But there is the existence of that other Woodrow Wilson—the white supremacist Woodrow Wilson—that has now led to the removal of his name. In 2015, the board of trustees at Princeton University considered whether to remove Wilson’s name from the school and from many other aspects of the University’s life. Instead of removing his name, the school announced that it would tell the story of Wilson differently—a fuller historical account of his life that included his white supremacy.

All that changed over the weekend when Christopher L. Eisgruber, president of Princeton University, announced, that “Woodrow Wilson’s racist thinking and policies make him an inappropriate namesake for a school or college who scholars, students, and alumni must stand firmly against racism in all its forms.” He also stated, “Wilson’s racism was significant and consequential even by the standards of his own time.”

As you might expect, there is more to the story, especially to the timing of the announcement. A group of students and alumni of the Woodrow Wilson School presented a set of demands to Princeton’s president and to the board of trustees. They demanded that they receive a response by July 6th, raising many legitimate issues about the legacy of Woodrow Wilson. We must, however, recognize that the demands issued by students and alumni go far beyond renaming the Woodrow Wilson School for Public and International Affairs.

The demands issued mandate an utter transformation of Princeton University, right down to what is taught in every classroom and how classes are to be taught. The demands reveal that these students and alumni view the entire American democratic project and constitutional government as an irredeemably broken, unnecessary, harmful institution that must be replaced.

One of the demands states, “Below we lay out the following six demands which outline our call for justice and change. They are in no way depicted hierarchically. These demands are to be taken seriously, addressed directly and responded to by the school’s administration in their entirety by July the 6th, 2020.”

Notice that there is no mention of a conversation, no summons for a debate over these massively crucial and complex issues—instead, there are six demands that must be met in their entirety. Failure to act, as the statement reads, means that the administration at Princeton University was complicit in the provocation of injustice.

As of Monday morning, June 29, 2020, we see just how the administration and trustees responded to these demands.

Meanwhile in Jackson, Mississippi, a historic development is underway that will end in the redesign of the state’s flag. Even though this issue has come up over the last twenty years, Mississippi expeditiously passed the bill to change the flag in a historic session on Sunday.

Speaker of the State House in the State of Mississippi, Philip Gunn (who, I should note, was recently the chairman of the board of trustees at The Southern Baptist Theological Seminary), explained the action with these words: “People’s hearts have changed. We are better today than we were yesterday. And because we are better, we are stronger.” The entire logic of retiring the Mississippi flag is for the state to have a better flag that does not include the Confederate imagery.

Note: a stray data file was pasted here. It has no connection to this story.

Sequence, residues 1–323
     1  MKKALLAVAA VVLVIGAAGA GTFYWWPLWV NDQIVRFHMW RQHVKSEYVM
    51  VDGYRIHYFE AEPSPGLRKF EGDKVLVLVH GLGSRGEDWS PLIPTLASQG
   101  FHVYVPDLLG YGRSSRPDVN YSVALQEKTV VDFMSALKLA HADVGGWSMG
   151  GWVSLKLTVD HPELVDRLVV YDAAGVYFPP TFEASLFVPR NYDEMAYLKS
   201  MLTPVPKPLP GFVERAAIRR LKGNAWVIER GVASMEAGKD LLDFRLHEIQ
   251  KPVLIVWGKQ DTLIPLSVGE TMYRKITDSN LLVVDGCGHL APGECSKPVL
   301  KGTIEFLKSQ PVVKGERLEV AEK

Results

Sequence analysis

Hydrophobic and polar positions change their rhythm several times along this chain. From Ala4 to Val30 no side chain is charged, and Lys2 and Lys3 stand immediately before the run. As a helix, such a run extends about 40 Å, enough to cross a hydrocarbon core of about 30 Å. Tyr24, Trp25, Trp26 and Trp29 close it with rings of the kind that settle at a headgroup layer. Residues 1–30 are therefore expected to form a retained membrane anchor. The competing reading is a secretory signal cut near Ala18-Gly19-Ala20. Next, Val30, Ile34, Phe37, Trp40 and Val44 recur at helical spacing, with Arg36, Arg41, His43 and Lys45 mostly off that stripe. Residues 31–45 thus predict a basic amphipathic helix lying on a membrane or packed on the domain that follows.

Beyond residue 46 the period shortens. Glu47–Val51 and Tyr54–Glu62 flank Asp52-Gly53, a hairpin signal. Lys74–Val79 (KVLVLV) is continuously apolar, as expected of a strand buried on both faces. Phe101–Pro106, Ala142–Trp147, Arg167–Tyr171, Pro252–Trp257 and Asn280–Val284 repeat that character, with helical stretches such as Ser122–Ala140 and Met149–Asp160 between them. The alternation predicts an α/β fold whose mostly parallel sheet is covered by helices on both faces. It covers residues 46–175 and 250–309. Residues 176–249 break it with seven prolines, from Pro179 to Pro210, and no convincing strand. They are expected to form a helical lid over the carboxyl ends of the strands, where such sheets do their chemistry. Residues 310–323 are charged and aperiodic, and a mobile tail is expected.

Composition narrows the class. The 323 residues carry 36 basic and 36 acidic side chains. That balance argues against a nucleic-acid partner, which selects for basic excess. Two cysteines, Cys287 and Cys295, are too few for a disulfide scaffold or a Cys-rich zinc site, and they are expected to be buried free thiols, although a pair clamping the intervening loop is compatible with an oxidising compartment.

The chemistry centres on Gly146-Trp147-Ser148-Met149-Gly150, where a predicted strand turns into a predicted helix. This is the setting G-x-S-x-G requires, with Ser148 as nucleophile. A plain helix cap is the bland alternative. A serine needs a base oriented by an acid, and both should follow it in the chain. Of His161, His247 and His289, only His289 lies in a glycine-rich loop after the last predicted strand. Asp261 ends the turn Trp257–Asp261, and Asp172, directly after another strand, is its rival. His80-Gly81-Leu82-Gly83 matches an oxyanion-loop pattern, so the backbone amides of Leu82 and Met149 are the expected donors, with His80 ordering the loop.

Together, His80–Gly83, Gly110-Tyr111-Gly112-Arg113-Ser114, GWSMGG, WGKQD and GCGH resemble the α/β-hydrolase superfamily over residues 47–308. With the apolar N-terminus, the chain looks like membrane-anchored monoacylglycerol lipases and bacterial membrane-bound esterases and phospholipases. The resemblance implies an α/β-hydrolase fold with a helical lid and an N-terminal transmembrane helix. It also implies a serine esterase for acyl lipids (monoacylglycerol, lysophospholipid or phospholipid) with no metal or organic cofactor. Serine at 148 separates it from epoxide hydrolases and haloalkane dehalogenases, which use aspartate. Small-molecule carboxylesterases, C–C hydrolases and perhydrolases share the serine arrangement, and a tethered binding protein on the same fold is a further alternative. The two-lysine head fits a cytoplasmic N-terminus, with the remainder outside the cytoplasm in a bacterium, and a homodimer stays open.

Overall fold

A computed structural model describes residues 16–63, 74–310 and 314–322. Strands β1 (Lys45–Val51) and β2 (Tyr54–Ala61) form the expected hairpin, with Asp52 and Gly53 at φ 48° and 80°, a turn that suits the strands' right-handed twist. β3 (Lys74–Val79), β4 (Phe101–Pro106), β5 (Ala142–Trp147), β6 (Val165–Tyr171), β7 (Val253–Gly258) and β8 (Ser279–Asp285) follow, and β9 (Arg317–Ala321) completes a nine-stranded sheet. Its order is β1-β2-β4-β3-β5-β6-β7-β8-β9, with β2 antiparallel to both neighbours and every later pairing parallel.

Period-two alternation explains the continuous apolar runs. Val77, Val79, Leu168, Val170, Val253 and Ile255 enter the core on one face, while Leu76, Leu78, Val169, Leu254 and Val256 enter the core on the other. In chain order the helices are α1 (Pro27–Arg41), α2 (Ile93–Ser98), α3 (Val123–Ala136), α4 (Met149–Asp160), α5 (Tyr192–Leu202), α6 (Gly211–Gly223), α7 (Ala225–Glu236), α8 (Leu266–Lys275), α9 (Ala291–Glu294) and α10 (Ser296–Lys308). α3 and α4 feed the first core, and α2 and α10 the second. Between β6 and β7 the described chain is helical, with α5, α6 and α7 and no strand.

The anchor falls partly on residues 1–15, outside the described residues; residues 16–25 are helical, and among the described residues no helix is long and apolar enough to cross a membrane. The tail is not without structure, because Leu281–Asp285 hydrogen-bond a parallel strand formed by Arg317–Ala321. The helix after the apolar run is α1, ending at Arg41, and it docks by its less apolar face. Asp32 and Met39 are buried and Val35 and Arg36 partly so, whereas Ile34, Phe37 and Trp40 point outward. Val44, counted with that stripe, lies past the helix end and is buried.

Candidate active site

There are two different dimensions behind this action taken by Mississippi lawmakers. First, there is an external dimension, namely, the organizational, corporate, and political pressure exerted against Mississippi, demanding it take immediate action. There was also the pressure from the NCAA and the SEC, which stated that so long as Confederate imagery remained on the state’s flag, NCAA and SEC sporting events would not take place, especially at Ole Miss and Mississippi State University.

The second dimension came from the major denominations in the state of Mississippi. Leaders in the Southern Baptist Convention and the Presbyterian Church in America spoke on behalf of the legislation to retire the flag. Indeed, just a few years ago, the Southern Baptist Convention adopted a resolution calling for the removal of the Confederate battle flag from public spaces.

As we look at these issues—the renaming of the Woodrow Wilson School for Public and International Affairs and the eventual retiring of the Mississippi state flag—I come back to the four words that capture the recent conversations and controversies that have seized the nation. These four words help us understand what is going on and to think through these issues clearly. They are memory, monuments, morality, and mayhem.

There is certainly mayhem in the country. We are in need of a rational, reflective, responsible national reckoning about these very difficult, complex issues. Remember, these issues bring up matters of race, slavery, and segregation in the United States. They bring up the slave trade, colonialism, and historical complexities. In fact, what is often missing from most of the conversations in our contemporary moment is any real historical knowledge of our nation’s past. Historical context is key to framing our conversations in a helpful, constructive fashion.